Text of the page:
I’ve largely tried to avoid most of the controversy about “fake news” because I think there’s too much muchness to the whole thing. But this morning, I heard a story on NPR about the immortal conspiracy theories that FDR knew about the Pearl Harbor attack in advance and did nothing about it. The host referred to it as “fake news 75 years ago” or some such (the piece was fine, though it would’ve been nice to have Charles Beard’s name come up). This is on the heels of the relentless coverage of the “Pizzagate” nuttery being called “fake news.”
My understanding was that fake news was exactly that: Websites — many run from abroad — that deliberately and knowingly make stuff up and exploit social media for clicks and profit. Conspiracy theories aren’t fake news. They’re conspiracy theories. I think a lot of mainstream media outlets are deliberately or inadvertently muddying this distinction — which is kind of ironic given their denunciations of fakery.
But I also think conservatives are muddying some distinctions as well. Yes, there have been times when the MSM has promulgated what could fairly be called fake news. The New York Times won a Pulitzer for fake reporting about the famine in the Ukraine. Janet Cooke and Stephen Glass both fabricated stories (Glass fabricated a lot of them). I would argue – and have argued — that Katie Couric would have a hard time defending herself against the charge of fakery.
But a lot of the examples of liberal/MSM “fake news” aren’t really comparable to the clickbait operations that knowingly make up news. Few have been harder on Dan Rather than yours truly, but I think his crime was letting ambition, animus, and groupthink drive him to drop due diligence and journalistic skepticism. The guy at Vox who imagined that bridge from Gaza surely didn’t deliberately commit that blunder.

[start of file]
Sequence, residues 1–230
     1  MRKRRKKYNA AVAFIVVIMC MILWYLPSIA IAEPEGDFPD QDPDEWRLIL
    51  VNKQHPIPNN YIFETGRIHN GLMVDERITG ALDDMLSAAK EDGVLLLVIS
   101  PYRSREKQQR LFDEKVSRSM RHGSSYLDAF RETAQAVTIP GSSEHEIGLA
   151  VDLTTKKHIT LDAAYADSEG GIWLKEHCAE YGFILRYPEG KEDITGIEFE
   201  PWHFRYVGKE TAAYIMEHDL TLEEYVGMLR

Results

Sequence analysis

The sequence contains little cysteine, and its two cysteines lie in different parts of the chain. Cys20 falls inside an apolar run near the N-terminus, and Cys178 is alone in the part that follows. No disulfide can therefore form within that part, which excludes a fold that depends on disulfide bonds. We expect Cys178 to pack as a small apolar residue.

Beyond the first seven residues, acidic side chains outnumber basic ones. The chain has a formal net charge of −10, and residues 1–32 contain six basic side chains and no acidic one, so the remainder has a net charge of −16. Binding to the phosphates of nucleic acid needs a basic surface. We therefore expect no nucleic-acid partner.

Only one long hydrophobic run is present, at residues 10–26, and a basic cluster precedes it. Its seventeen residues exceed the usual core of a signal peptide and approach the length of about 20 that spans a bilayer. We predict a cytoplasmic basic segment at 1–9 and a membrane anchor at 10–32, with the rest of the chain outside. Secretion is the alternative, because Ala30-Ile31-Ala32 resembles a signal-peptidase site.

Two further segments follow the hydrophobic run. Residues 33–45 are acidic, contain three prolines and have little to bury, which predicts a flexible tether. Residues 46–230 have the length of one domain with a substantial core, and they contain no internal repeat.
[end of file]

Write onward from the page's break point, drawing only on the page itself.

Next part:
I agree with pretty much everything Jim Geraghty says here, but I also think some of the conservatives rushing to push back against the anti-fake news cause are making a mistake. Last night, my friend Tucker Carlson suggested that the fight against fake news is really a fight against opposing views liberals don’t like. If and when that’s the case, I agree it should be fought. But actual fake news sites aren’t pushing different opinions, they’re peddling fabrications as facts. His guest, Bill McMorris of the Washington Free Beacon, said “fake news is whatever people living in the liberal bubble determine to be believed by the right.”
I think this is wrong, or at least not entirely right. Yes, some liberals are trying to lump inconvenient news, facts, and opinions under the rubric of “fake news.” But that doesn’t change the fact that there is, in fact, a cottage industry of actual fake news out there. And I don’t think it’s a good idea for conservative journalists to give the impression that that’s ok. I’ve opposed anything that smacks of “journalism licensing” for years. And if that’s where Chuck Schumer & Co. want to go, I’ll oppose them. Also, I’m no lawyer, but I would think that the current libel and defamation laws would cover some of this. If you knowingly lie about facts in a story claiming to be news, I don’t think it’s crazy that you might face some legal sanction. If a fake news site ran a story that National Review was a clandestine pedophile ring, I would hope we would sue.
But even if the law protects organizations that deliberately fabricate slanderous falsehoods, I don’t see anything wrong with companies like Facebook doing what they can to limit the ability of these grifters to deliberately deceive their customers. By all means, conservatives should fight any attempt to exploit the fake news problem to silence opposing points of view. But I don’t see any reason for conservatives to rally to the defense of professional liars-for-profit either.